Duke entered the 1992 East Regional Final as a solid favorite against Kentucky but Pitino thought that his team had a good chance to pull off the upset based on three factors: (1) Even though Duke had the more talented team, Pitino believed that Mashburn would prove to be the single best player on the court; (2) Kentucky's unique style--based on applying intense defensive pressure and shooting a lot of three pointers--would pose problems for Duke; (3) Duke had not played in many close games, so if Kentucky stayed in contact and gained confidence then the Wildcats could go on a game-winning run in the closing minutes. Pitino felt that if he employed the pressure defense too early in the game then Duke's starters would have enough energy to fight through it--thus gaining confidence while also deflating Kentucky's confidence--but if Kentucky could keep the score close without the pressure defense and then apply pressure in the final 10 minutes the Blue Devils might get rattled and/or fatigued.
The game unfolded according to Pitino's plan. Kentucky took an early 20-12 lead and only trailed 50-45 at halftime. Duke pulled ahead 67-55 by the 11:08 mark of the second half and at that point Pitino called a timeout in order to instruct his players to apply the pressure defense the rest of the way. Kentucky sliced Duke's lead to 67-63 in a little over a minute. Two minutes later, momentum could have--and should have--swung Kentucky's way after Laettner stepped on fallen Kentucky player Aminu Timberlake, an action that was worthy of ejection; however, the game officials elected to simply hit Laettner with a technical foul. Kentucky's players neither appreciated that ruling nor the fact that Laettner seemed to have singled out the one player--a skinny, well-mannered freshman--who would not respond confrontationally (that is the kind of move that Kevin Garnett and Kenyon Martin later became well known for in the NBA, taking a verbal and/or physical shot at a younger, smaller opponent while studiously avoiding confrontations with tough guys who would not tolerate such conduct).
The game was tightly contested the rest of the way and the outcome would not be decided until the final 2.1 seconds of overtime. If you are a true basketball fan then you have already seen Grant Hill's full court pass followed by Christian Laettner's game-winning shot many times but Wojciechowski's The Last Great Game does an excellent job of not only recreating one of the seminal moments in college basketball but also giving the reader an understanding of the thoughts, emotions and motivations of the participants from both sides of this dramatic contest.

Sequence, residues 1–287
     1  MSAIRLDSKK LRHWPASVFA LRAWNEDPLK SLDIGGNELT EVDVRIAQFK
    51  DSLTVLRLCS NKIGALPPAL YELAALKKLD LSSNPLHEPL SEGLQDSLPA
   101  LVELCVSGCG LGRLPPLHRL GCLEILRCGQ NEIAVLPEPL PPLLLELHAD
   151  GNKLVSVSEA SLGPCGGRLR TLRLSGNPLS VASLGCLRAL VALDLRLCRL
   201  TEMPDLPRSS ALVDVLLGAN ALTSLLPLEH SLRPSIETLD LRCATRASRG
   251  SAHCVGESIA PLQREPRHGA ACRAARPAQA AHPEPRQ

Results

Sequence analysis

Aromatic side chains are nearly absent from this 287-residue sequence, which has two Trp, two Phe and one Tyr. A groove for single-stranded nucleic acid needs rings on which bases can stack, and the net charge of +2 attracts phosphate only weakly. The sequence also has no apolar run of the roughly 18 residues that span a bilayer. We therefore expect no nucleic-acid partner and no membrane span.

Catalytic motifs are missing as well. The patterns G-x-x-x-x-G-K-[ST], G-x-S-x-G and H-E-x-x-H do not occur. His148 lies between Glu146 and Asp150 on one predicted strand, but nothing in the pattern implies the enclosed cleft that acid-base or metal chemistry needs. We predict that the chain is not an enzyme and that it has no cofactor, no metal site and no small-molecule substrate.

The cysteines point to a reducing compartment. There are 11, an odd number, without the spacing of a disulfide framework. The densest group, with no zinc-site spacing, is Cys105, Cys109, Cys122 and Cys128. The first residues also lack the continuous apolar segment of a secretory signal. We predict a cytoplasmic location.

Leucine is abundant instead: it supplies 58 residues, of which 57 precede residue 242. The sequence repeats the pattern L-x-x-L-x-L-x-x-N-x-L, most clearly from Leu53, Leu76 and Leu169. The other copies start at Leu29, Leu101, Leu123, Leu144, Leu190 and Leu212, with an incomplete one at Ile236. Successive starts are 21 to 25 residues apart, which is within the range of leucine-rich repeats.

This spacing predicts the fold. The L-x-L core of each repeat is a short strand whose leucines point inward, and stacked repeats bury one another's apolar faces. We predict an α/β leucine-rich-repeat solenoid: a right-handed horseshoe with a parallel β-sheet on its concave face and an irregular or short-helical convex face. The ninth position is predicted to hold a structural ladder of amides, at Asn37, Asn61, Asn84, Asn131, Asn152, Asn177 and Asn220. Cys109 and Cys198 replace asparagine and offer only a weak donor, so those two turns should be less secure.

Although Laettner's shot ended the game, it did not end that season and does not end the book; the Blue Devils still needed to win two more games to complete their run of back to back titles and Duke accomplished this by knocking off Indiana and the upstart, Fab Five-led Michigan Wolverines. Wojciechowski takes the reader behind the scenes of both of those games as well.
Should Pitino have put a defender on Hill to contest that fateful inbounds pass? Wojciechowski exaggerates a bit when he deems this "the eternal basketball question" but he is right this question is not easy to answer. Pitino's thinking at the time was that if he put a defender on Hill then Hill might run the baseline and Duke could employ an old strategy of Dean Smith's, placing a screener in the defender's path to try to draw a foul. Pitino considered the long pass to be a low percentage play whether or not it was contested and thus preferred to sandwich Laettner with two defenders; unfortunately for Kentucky, those defenders--concerned about being called for a foul--played very tentatively and gave Laettner plenty of room to catch the ball, take a rhythm dribble and launch a very controlled shot.
Pitino, who led Kentucky to a National Championship in 1996, casually dismisses the strategic question: "People make too much of it."
1) On page 61, the text states that Christian Laettner "made his official Duke playing debut November 19, 1998, at the Tipoff Classic in Springfield, Massachusetts." Laettner's freshman year began in 1988, not 1998.
2) There are multiple references to a 1988-89 Duke senior named "Smith" but his first name is not directly mentioned in the text (it is indirectly referred to in a quote) nor is he listed in the book's Index (John Smith is the full name of the player in question).
3) On page 114, the 6-8 Billy Owens is referred to as a guard. While Owens did handle the ball like a guard, he played forward at Syracuse and should thus have been described as a forward (in the NBA, Owens played both forward and guard but the book is referring to his college career).
posted by David Friedman @ 2:45 AM